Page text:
Posted by: Christian Wulff | February 19, 2012

Egil Olsen – A Translation

2011 was filled with disappointments for Norwegian football. Disappointment at a below average league season, disappointment over another underwhelming year in European club competitions, but must of all a deep disappointment in the national team’s failure to qualify for the European Championship, making it 12 years since Norway reached an international tournament.

During his first spell in charge of the Norway, Egil Olsen’s did face some criticism over his team’s playing style but the unprecedented success that it brought made it hard to argue against. However, since Norway failed to book their place in Poland and Ukraine this summer, the Norwegian media has continuously portrayed Olsen’s tactics as outdated and against the prevailing trend in world football. More seriously, Olsen’s philosophy and the football association’s embrace of it on all age levels are seen to be an hindrance in developing young players with the individual skills necessarily to take Norway to a higher level.

This weekend, the national coach’s retort was blunt and unapologetic. In an interview with the Norwegian tabloid VG he said he and the Norwegian football association was tired of ‘being pissed on’ and questioned the competency and knowledge of his critics.

In a  comment piece published in both VG and on the football association’s website, he answers his critics in the media and explain’s his thoughts on Norway’s playing style.

Called ‘The Myths About NFF and Norwegian Football’,  what follows below is, for better or worse,  my translation of Olsen’s piece.


‘After the 2011 season Norwegian football has received rough treatment from the media. Economic and administrative mismanagement have been widely publicised, but the sporting side has also felt the force of criticism: The skill level among young players are at an all-time low and the national team’s playing style is hopelessly out of date. While the rest of the world focuses on possession football, the Norwegian national teams do the complete opposite. We are the contrary weirdoes who refuse to take onboard any learning or influences from others.

Obviously I would have liked the skill level to be higher, and many clubs could work better and more systemic to achieve this. But the picture isn’t all bleak, with several clubs doing very good work.

I’ve seen several games involving the younger national teams, and I just don’t recognise what has been portrayed in the media.  The feedback I get from football professionals* who are working both within and outside those set-ups,  indicates to be a  lot more positive state if affairs. These are people who have watched a vast amount of games involving the younger age groups, and you do wonder whether the criticism is coming from people who have seen a lot fewer, if any, games, and with a lot less football expertise.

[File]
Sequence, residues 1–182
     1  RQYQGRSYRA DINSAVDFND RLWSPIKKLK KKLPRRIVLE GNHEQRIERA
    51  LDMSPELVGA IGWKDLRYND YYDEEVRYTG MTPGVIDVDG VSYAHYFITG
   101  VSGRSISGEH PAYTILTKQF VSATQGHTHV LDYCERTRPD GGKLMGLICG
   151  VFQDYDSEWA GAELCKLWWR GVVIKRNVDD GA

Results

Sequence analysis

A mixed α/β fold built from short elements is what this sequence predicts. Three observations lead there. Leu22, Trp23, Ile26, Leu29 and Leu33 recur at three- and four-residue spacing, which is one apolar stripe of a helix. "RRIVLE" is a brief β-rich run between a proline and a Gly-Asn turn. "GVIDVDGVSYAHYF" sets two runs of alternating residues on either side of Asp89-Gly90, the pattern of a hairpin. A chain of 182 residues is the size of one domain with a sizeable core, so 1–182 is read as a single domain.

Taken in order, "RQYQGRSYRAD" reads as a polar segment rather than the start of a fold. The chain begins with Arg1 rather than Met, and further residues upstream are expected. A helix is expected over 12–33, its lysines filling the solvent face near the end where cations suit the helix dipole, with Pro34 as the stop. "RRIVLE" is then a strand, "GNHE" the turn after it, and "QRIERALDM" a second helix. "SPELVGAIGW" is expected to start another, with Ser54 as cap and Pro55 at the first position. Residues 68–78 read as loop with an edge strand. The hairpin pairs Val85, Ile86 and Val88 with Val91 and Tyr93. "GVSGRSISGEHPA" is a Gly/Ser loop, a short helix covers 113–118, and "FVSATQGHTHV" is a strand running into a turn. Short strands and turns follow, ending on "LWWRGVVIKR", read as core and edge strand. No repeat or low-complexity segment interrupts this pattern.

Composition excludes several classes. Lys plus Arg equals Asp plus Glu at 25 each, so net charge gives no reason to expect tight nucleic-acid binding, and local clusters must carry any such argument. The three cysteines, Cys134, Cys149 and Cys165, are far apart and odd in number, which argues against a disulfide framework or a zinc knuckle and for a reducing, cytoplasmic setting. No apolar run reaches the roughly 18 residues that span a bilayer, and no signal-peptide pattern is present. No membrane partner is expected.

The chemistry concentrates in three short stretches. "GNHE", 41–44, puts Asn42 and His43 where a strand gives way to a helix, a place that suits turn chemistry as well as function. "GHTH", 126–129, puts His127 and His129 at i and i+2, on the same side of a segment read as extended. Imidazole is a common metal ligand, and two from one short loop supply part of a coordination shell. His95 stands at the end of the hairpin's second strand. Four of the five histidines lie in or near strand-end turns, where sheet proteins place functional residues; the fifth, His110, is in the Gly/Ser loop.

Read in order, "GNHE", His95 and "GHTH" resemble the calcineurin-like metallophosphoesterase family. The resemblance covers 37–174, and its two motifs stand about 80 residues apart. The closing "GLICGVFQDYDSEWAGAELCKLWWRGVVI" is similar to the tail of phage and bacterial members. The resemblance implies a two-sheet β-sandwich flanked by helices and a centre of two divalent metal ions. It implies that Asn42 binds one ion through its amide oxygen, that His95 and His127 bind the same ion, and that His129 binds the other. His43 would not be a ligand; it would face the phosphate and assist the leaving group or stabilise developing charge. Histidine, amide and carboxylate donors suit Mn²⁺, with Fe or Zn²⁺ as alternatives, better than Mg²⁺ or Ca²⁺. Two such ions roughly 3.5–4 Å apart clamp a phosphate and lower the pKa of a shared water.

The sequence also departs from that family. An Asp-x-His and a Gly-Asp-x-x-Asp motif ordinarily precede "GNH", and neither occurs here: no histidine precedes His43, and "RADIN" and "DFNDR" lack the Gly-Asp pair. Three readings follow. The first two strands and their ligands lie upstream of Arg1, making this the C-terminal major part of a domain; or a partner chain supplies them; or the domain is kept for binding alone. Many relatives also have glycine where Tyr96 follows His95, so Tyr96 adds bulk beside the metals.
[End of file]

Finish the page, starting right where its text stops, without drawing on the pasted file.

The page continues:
This criticism has been directed against the elite football structure of the NFF (The Norwegian FA) in general and me specifically. This criticism is totally unjustified. In NFF we have national team coaches who constantly draws on ideas and experiences from international football. It’s a subject of discussion in various forums dealing with elite football, and NFF have since 2009 co-operated with NTF (An interest group consisting of the league clubs in the top two divisions) on a ‘World’s Best’ project.

This is a project seeking inspiration and knowledge from the best football nations in the world, and other strong football countries which in terms of size and population are a natural comparison. Study trips have been conducted to both the football associations and league clubs in nations such as Holland, Spain, Switzerland and Croatia.

Speaking for myself, I can say this: Everything I know about football I’ve learned from others. Neither zonal defending or direct play are my inventions or concepts.

Every week I watch a two-digit number of matches from international and Norwegian football. I don’t only look at them, I’m ‘looking for’, and I’m looking systematically.
A central and important area is the relationship between risk and forward movement (direct play) on the one hand, and security and possession on the other. It’s about finding the right balance. This balance is an important key to success. The perception that there are only two ways to play football –direct or possession- is a naive simplification.

In terms of the amount of passes in a game, the scale goes from over 900 passes down to 200. The common tendency is that god teams have more passes than bad teams. Still, the number of passes is not a major contributing factor to success, as there are too many other variables that influence the outcome.